Using CSS to Align HTML Tables
CSS, or cascading style sheets, came about to make styling HTML web pages easier. The styles are defined in the HEAD portion of the web page, and then the style attribute is added to the web page elements. Adding the style attribute to a web page element references the style definition without having to redefine it for every single element. The advantage of having style sheets is to maintain uniformity in web pages.
There are many ways to code CSS to align web page elements, tables or otherwise. It is possible to create a code snippet (class) that aligns elements to the centre, regardless of what the element is; or it is possible to code a CSS class is specifically tailored for tables.
An example of a generic CSS class:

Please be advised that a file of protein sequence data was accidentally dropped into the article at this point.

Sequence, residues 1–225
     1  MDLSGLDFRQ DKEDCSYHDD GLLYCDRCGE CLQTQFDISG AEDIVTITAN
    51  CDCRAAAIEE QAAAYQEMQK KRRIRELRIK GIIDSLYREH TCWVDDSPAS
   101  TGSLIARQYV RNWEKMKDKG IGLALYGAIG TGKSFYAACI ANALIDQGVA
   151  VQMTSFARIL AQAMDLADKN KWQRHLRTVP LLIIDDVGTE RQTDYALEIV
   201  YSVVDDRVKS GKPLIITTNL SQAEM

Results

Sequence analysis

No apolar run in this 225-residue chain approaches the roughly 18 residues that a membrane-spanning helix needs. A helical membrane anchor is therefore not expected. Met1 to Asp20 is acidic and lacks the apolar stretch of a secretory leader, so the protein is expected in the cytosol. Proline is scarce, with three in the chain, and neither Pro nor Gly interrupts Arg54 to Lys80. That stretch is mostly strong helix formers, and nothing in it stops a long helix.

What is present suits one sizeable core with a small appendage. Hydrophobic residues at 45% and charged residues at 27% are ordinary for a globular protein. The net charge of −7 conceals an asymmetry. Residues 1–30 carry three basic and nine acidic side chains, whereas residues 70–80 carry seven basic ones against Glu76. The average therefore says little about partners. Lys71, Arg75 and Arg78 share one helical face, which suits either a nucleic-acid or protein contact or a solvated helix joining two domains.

The class is called "centrealign" and, like the style attribute, it centers the web page element using the margin variable. The position variable equally absolute will center the element taking the web browser’s dimensions into consideration.
To assign the CSS class to a web page element, the DIV tag is used, to indicate the starting and end points of where the style should be applied. All the elements that the style is to be applied to are enclosed within the tags. The CSS class is assigned as a value to the class attribute of the DIV tag.
An example of the opening DIV tag, using the CSS class defined earlier: